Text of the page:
SAN FRANCISCO (U.S. ASIAN WIRE – April 11, 2011) – San Francisco’s Asian and Pacific Islander community is saddened by the passing of Nobel Laureate Dr. Baruch Blumberg who discovered the hepatitis B virus – the biggest health discrepancy facing the API community.
Blumberg received the 1976 Nobel Prize in medicine for his discovery of the hepatitis B virus, and the development of the first vaccine to fight hepatitis B. His research has had a major impact on worldwide public health and has saved millions of lives globally. He died of a heart attack at the age of 85 on April 5.
This past September, Blumberg was honored by the Chinese Hospital and San Francisco’s Hep B community during the Hep B Free Coast to Coast Awards Gala, for his distinguished achievement in medical science. The night’s event was presented by SF Hep B Free and Chinese Hospital, and produced by the AsianWeek Foundation.
“Dr. Blumberg has made one of the largest impacts on world health by discovering the Hep B virus and subsequently the hepatitis B vaccine,” said Dr. Joseph Woo, former Chief of Staff of Chinese Hospital. “We are thankful for the opportunity to have met and honored him with the Chinese Hospital’s 37th Annual Award. Without his extraordinary discovery, we would not be able to continue our work and efforts to educate the community on the silent dangers of Hep B.”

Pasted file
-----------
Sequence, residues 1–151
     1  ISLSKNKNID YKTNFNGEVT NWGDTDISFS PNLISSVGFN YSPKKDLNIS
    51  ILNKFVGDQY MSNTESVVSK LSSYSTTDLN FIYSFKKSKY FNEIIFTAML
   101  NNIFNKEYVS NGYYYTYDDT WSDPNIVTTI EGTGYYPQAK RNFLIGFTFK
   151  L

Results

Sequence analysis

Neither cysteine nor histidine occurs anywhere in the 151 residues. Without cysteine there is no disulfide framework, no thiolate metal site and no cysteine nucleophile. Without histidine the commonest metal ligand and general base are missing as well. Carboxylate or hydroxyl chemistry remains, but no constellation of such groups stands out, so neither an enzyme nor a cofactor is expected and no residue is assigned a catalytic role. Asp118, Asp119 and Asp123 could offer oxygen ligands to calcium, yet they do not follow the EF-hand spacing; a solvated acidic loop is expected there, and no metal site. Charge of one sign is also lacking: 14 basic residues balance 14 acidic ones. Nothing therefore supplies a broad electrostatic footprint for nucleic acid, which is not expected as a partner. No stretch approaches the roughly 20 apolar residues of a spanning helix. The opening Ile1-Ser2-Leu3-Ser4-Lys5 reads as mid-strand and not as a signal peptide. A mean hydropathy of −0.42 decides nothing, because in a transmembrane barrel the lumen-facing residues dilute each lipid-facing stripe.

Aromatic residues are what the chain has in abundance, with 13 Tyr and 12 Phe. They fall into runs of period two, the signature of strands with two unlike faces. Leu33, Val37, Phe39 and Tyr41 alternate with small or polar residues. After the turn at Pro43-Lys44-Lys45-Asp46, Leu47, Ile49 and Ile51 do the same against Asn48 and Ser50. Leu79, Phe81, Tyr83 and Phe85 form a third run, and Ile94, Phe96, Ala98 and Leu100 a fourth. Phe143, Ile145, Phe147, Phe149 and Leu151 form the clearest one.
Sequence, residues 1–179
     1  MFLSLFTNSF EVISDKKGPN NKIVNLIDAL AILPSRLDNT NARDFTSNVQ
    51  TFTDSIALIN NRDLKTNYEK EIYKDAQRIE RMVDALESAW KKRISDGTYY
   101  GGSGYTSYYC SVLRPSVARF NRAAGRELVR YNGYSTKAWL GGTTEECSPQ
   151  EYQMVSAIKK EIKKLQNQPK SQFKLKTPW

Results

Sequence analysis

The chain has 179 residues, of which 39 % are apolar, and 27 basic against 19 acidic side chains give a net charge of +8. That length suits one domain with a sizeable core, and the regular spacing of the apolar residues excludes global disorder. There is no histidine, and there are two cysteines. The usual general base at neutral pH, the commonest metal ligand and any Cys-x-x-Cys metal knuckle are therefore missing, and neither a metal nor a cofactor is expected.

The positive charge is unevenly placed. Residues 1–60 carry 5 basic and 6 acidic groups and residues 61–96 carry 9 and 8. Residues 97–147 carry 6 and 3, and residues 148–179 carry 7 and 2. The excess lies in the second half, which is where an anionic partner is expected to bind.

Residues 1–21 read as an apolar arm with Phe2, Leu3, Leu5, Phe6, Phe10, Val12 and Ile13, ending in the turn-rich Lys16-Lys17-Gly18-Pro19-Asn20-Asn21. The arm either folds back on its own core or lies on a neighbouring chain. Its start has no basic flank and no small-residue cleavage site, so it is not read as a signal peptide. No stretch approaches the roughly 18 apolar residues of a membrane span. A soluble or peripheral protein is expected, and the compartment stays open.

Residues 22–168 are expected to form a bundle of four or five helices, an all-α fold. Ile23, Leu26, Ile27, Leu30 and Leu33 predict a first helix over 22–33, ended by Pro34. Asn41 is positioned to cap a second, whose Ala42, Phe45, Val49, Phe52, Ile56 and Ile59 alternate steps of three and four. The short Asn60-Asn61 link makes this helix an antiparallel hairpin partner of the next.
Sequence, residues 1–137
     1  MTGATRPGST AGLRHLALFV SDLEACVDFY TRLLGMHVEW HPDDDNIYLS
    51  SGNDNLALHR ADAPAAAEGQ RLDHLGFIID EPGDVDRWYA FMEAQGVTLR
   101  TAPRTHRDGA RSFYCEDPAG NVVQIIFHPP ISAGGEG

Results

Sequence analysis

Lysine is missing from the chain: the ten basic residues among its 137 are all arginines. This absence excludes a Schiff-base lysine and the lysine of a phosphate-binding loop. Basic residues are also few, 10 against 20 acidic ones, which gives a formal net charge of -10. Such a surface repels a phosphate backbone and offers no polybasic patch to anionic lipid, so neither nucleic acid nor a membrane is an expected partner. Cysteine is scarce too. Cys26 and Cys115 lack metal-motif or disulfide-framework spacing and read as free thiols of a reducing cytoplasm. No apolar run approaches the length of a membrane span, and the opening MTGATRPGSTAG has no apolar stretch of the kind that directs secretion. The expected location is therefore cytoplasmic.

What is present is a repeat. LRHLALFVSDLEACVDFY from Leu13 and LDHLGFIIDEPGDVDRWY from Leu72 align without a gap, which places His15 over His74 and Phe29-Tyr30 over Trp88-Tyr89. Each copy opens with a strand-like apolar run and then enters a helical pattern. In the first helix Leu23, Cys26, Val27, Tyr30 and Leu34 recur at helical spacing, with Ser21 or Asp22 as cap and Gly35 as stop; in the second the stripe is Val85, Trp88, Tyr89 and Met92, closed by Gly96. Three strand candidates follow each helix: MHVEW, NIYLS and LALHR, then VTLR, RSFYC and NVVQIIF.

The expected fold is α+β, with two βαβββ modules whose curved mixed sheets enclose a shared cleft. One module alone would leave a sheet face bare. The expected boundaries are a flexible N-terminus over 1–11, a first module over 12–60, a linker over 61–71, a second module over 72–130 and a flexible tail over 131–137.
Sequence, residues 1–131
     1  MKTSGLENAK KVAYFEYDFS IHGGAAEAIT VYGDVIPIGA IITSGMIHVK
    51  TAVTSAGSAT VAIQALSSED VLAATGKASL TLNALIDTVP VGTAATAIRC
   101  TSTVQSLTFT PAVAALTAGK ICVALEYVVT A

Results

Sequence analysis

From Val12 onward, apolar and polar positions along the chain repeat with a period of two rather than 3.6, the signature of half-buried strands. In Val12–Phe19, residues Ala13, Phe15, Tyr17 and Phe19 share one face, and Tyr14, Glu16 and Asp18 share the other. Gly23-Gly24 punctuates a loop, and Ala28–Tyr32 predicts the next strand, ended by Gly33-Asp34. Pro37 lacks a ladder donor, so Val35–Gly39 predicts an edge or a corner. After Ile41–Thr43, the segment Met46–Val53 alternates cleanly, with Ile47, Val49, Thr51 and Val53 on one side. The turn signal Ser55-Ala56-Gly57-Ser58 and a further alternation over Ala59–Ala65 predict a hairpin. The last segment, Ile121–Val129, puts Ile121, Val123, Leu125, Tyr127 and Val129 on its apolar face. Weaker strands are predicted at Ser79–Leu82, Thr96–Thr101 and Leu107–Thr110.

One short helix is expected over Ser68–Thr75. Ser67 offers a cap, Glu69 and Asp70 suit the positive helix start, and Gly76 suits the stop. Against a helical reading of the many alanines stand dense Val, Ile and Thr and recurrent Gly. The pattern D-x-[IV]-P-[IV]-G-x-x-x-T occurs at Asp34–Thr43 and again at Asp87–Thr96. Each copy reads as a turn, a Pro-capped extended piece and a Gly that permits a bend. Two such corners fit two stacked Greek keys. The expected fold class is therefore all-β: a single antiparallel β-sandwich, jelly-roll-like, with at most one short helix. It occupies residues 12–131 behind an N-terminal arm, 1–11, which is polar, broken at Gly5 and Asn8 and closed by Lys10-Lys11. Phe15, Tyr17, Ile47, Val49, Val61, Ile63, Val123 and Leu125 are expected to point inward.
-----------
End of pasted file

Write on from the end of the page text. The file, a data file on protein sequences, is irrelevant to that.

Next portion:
“The Asian and Pacific Islander community is forever indebted to our Hep B Hero Dr. Baruch Blumberg,” said Ted Fang, AsianWeek Foundation and co-founder of SF Hep B Free. “He discovered the largest health issue facing the Asian community today and he will be missed.”
According to the Centers for Disease Control and Prevention, there are more than 43,000 new Hepatitis B cases in United States each year, with the greatest incidence among adults between ages 19-49 years old. Hepatitis B is one of the leading health disparities between Asians and non-Hispanic whites.
Among the Asian population the predominant mode of transmission is from infected mother to child during the birthing process. Hepatitis B can also be spread through unprotected sex and shared needles. There is a safe and effective vaccine to protect against infection from Hepatitis B.
San Francisco Hep B Free is a first-of-its-kind collaboration between city government, private healthcare community organizations and businesses. The campaign’s goal is to make San Francisco Hepatitis B-free by creating public and healthcare provider awareness about the importance of testing and vaccinating Asian and Pacific Islanders for Hepatitis B. It also promotes routine Hepatitis B screenings and vaccinations within the primary care medical community; and facilitates access to treatment for chronically infected individuals.
The SF Hep B Free Steering Committee is made up of the San Francisco Department of Public Health, the Asian Liver Center at Stanford University and the Asian Week Foundation. For more information visit online at www.sfhepbfree.org.